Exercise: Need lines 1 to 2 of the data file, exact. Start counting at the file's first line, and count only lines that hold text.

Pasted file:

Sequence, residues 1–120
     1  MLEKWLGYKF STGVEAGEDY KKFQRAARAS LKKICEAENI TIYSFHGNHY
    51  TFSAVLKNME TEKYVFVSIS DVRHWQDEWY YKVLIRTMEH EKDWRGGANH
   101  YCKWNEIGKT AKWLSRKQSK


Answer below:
Sequence, residues 1–120
     1  MLEKWLGYKF STGVEAGEDY KKFQRAARAS LKKICEAENI TIYSFHGNHY